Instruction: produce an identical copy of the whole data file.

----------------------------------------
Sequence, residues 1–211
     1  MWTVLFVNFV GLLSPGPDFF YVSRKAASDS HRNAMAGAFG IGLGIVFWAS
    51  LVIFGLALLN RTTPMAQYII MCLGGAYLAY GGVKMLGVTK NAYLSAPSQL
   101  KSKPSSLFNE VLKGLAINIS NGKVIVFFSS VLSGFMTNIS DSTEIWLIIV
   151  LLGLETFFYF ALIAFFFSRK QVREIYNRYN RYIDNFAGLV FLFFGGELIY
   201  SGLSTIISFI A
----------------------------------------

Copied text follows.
Sequence, residues 1–211
     1  MWTVLFVNFV GLLSPGPDFF YVSRKAASDS HRNAMAGAFG IGLGIVFWAS
    51  LVIFGLALLN RTTPMAQYII MCLGGAYLAY GGVKMLGVTK NAYLSAPSQL
   101  KSKPSSLFNE VLKGLAINIS NGKVIVFFSS VLSGFMTNIS DSTEIWLIIV
   151  LLGLETFFYF ALIAFFFSRK QVREIYNRYN RYIDNFAGLV FLFFGGELIY
   201  SGLSTIISFI A